Meet Gina: someone who knows all about Italian food and happiness
Introducing Gina Andracchio, a food lover like no other. I hope you enjoy this post as much as I did. Elisabetta
People around the world love Italian food.
That, although is a deliberate generalization, is a matter of fact. I, being a first-generation Italian-American, am expected to not only eat delicious food on a daily basis but also be able to cook it. That is a stereotype I am willing to live with because it beats the one about loving mobster movies.
I have been fortunate enough to eat to my fullest satisfaction because I have been surrounded by elaborate home-cooked meals including zuppa di baccalà (codfish soup), frittelle di zucchine (zucchini fritters), frittata (the Italian version of an omelette), and endless pasta dishes adorned by homemade tomato sauce (our family how-to video here.) More importantly, my childhood family vacations in Southern Italy (primarily in Calabria and Abruzzo where my parents are from respectively) have allowed me to observe and understand what food means to Italians.
Talk about farm to table, food in the small Mediterranean peninsula is a treasure, which is carefully treated from the time crops are harvested to the prudent integration of flavors for every daily dish. For example, the pizza Margherita (in honor of the Queen of Italy by the same name) was originally topped to look like the Italian flag using basil, mozzarella, and tomato sauce. This pizza has become a classic not because it was overloaded with multiple meats and an unhealthy coating of cheese but instead because of its subtle amounts of freshly-chosen toppings combined to perfection. Italian recipes often include the usual fundamental ingredients, such as olive oil, onion, garlic, salt and pepper due to the notion that seasonings should not cover up food but should instead evoke the flavors of naturally-delicious ingredients.
When cooking, I keep in mind certain lessons I have learned in my family:
- Balanced meals are vital to staying satisfied longer. An easy go-to dish could be pasta e fagioli. Pasta (the carbohydrate) and some type of bean (the protein) are delicious when accompanied by broccoli or asparagus (the vegetable). I might add a small can of plain tomato sauce into the beans then add some water and seasonings which make the dish more of a stew, which brings me to my next point.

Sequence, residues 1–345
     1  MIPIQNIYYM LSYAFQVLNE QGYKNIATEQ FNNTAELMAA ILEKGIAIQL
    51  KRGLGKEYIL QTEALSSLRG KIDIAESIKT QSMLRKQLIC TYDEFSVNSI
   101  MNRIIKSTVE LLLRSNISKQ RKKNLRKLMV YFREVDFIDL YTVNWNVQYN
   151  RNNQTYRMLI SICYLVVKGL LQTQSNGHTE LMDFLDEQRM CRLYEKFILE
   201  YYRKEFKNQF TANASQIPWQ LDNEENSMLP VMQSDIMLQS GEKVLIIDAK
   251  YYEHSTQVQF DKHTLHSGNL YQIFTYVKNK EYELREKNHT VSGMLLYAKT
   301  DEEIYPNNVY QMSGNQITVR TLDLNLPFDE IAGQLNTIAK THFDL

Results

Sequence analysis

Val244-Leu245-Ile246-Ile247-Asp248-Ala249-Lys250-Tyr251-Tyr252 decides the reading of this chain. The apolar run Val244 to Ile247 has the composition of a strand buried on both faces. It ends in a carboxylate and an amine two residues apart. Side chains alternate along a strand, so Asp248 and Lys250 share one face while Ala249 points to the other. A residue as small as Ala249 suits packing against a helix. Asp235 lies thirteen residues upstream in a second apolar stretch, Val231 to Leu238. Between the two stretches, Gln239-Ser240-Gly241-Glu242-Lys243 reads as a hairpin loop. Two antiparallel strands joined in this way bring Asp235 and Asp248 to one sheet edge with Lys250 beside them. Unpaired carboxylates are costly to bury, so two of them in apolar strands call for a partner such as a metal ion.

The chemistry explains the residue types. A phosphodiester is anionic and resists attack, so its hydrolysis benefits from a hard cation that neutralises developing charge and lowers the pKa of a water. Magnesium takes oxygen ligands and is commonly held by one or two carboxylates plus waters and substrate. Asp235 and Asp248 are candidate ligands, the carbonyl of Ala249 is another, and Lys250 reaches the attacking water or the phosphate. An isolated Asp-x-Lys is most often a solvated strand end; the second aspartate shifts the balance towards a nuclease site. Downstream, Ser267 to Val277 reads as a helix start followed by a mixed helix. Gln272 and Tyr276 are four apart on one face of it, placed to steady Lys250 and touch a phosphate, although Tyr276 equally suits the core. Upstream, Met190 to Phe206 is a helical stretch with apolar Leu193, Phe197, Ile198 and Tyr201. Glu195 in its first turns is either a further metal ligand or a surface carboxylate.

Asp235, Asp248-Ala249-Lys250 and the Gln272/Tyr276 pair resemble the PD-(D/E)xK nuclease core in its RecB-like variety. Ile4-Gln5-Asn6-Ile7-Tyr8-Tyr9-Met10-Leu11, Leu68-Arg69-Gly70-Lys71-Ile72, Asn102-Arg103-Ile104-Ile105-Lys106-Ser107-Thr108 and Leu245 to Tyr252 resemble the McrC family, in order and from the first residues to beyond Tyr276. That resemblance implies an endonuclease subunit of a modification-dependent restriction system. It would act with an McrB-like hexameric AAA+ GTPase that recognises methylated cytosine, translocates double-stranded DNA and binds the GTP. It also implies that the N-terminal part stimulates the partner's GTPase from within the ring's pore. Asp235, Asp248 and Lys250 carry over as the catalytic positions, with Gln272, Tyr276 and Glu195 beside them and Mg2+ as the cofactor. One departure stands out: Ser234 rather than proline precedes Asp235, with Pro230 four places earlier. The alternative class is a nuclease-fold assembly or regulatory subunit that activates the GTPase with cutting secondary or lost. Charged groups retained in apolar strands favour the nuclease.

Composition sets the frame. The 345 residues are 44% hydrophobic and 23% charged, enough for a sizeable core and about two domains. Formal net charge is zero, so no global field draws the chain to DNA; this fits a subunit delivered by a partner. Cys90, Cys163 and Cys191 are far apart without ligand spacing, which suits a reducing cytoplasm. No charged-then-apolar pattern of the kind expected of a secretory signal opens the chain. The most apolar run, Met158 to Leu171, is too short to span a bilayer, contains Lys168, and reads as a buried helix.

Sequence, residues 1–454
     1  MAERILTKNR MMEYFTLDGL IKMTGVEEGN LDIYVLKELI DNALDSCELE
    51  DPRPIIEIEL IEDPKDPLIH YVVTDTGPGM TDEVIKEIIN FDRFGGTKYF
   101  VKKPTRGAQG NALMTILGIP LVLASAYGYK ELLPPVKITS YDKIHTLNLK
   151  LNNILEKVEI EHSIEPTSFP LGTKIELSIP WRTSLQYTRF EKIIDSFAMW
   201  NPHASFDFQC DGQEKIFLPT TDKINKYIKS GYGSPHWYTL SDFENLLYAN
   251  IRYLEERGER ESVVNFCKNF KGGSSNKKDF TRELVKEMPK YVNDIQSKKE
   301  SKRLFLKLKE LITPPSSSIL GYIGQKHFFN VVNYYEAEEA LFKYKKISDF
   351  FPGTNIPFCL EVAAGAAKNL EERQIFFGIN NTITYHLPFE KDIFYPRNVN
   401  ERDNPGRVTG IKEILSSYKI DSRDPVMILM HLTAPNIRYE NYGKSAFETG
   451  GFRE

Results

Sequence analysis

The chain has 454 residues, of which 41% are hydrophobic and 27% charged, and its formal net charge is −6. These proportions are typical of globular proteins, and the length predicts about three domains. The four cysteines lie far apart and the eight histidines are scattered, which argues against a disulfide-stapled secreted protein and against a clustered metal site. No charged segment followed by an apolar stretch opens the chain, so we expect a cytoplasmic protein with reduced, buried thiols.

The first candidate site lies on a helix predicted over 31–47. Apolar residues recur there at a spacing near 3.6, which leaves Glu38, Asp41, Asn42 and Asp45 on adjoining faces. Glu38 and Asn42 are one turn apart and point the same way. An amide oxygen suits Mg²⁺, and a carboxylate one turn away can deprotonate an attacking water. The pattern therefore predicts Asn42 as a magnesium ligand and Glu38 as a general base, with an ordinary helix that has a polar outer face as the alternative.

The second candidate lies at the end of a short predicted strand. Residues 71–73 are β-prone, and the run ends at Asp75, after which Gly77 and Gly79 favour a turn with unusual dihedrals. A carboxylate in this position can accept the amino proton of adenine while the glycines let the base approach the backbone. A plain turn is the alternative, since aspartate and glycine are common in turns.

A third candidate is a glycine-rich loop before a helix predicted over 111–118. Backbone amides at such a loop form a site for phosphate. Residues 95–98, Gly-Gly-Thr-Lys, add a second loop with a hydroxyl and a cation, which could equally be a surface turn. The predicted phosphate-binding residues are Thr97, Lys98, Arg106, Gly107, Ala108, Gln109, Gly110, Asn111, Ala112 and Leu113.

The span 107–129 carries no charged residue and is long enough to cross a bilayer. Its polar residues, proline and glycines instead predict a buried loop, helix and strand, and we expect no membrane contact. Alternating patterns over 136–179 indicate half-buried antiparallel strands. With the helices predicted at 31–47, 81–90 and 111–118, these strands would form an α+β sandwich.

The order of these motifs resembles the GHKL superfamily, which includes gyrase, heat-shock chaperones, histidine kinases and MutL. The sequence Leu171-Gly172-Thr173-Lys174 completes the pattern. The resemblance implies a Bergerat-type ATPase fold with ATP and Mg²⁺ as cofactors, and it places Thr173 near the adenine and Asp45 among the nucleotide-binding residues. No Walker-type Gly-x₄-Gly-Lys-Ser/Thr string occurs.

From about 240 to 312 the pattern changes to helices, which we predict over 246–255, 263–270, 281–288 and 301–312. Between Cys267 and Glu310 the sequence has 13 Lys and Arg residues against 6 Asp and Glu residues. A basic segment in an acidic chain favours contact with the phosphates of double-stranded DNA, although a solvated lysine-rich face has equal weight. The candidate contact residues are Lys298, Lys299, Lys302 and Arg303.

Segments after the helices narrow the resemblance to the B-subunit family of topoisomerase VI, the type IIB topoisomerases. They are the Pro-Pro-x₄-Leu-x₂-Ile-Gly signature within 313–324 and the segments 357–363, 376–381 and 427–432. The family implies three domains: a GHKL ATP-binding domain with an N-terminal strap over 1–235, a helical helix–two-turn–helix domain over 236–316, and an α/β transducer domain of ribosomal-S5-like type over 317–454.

- Sauce is never the star of the show; the ingredients are. Italians do not smother their food in sauce, but instead use it as a “highlighter” of the food.
- I buy certain imported products from Italian specialty stores, such as imported cheese, pasta, olives, and wine. Although not the cheapest option, it allows me to indulge occasionally and feel closer to Italy.
- Rustic cooking brings me back to nature, even if it is not actual cooking. For example, I use a moka instead of an espresso machine and pop kernels over the stove instead of buying microwaveable popcorn.
- As cliché as it sounds, there is no better ingredient than love. I genuinely appreciate the art of cooking and recognize food as a blessing in my life.
Some favorite dishes of mine to make are Chicken Marsala, arancini (rice balls), conchiglie ripiene (stuffed shells), and Tiramisù. Beyond cooking, I pride myself on making a morning cappuccino and my homemade Limoncello which has also become the standard digestivo in my household (video recipe here.)
Cooking is one of the many reasons why I co-authored “Italian Recipes for Happiness: How to Live Healthier, Happier and Richer Lives like Italians”. My experiences as an Italian-American allow me to observe the culture as an outsider and translate it to the world in a unique way.
In addition to cooking, the book covers topics such as Italian dining, making acquaintances, and developing long-term romantic and familial relationships and how these are linked to actual studies on happiness. Along with my fellow co-authors, Matthew Platania and Gianni Andracchio (my brother), the reader is provided with anecdotes, Italian phrases, food recipes and actual takeaways on how each of us can live happier lives by taking the “best of the best” of Italian culture.